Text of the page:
What Just Happened Movie Review
This doesn't settle well with the studio that's paying $20 million for a man with sex-appeal; they don't want someone who resembles Santa Claus. If Willis doesn't shave and drop some weight, the studio will pull the plug on the movie and sue for damages. But Willis has been growing the beard for six months and wants to make an artistic statement. He's not going to be picking up a can of shaving cream anytime soon.
Trapped in the middle is the film's producer, Ben (Robert De Niro), who has just been named one of Hollywood's most powerful people by Vanity Fair. He passes the daunting task of convincing Willis to shave to Willis' overstressed, scatterbrained agent (John Turturro). Meanwhile, Ben aims to settle the nerves of the director (Michael Wincott) of another film starring Sean Penn. The studio boss (Catherine Keener) orders that the film be cut due to poor test screening reports. If they don't re-edit the ending in which the hero's dog takes a bullet to the head, she's cancelling the film's premiere at Cannes.
All the while, Ben still has feelings for Kelly (Robin Wright Penn), his ex-wife. But she's sleeping with one of the screenwriters (Stanley Tucci), much to his dismay. The apple doesn't fall from the tree with Ben's daughter (Kristen Stewart). She's only in high school, but has found time to sleep with her father's big shot friends.
Based on writer-producer Art Linson's book What Just Happened? Bitter Hollywood Tales from the Front Line, this is one of those slice-of-life movies that observes a character's life for a brief period of time, then happily goes on its way. When done well, this sub-genre offers biting honesty and unique perspective (Broken Flowers); when done poorly, these films are random, awkward, and inconclusive (Elephant). With Barry Levinson directing such an incredible cast, though, What Just Happened happily falls into the first category.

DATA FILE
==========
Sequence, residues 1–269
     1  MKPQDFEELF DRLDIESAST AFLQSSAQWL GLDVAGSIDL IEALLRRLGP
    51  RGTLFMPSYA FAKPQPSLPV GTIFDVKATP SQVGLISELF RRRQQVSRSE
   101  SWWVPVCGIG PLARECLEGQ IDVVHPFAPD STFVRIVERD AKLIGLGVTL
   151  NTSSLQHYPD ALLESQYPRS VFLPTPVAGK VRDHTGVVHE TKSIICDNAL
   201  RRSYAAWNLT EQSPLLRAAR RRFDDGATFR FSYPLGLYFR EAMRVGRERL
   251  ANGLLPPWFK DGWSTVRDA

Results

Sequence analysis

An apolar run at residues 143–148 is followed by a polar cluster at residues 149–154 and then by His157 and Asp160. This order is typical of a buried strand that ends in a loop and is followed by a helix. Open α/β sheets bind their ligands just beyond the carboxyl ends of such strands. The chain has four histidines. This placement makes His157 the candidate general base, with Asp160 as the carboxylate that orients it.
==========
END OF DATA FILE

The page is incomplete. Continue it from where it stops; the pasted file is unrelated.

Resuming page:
Farces about Hollywood's lack of integrity have been done before (The Player), but What Just Happened still feels fresh and original thanks to Levinson's phenomenal direction. He helms the movie with flawless comedic timing, creating a fast-paced ironic and satirical tone. Speaking of irony, Linson's screenplay is careful to poke fun at Hollywood without insulting and demeaning it... too badly, at least. He still works in Tinsletown, after all, and he wouldn't want to burn a bridge.
De Niro is the centerpiece of the film; the stage on which the colorful characters waltz. His biting persona and over-the-top theatrics create huge laughs, which reminds us that, while De Niro might be best known for his dramatic work, he's quite skilled at satire. Remember Wag the Dog (another Levinson production)? Here, he nails the producer character with such precision that's it comes as no surprise that he himself is one of the producers of What Just Happened. Talk about irony.
Catering happened, that's what.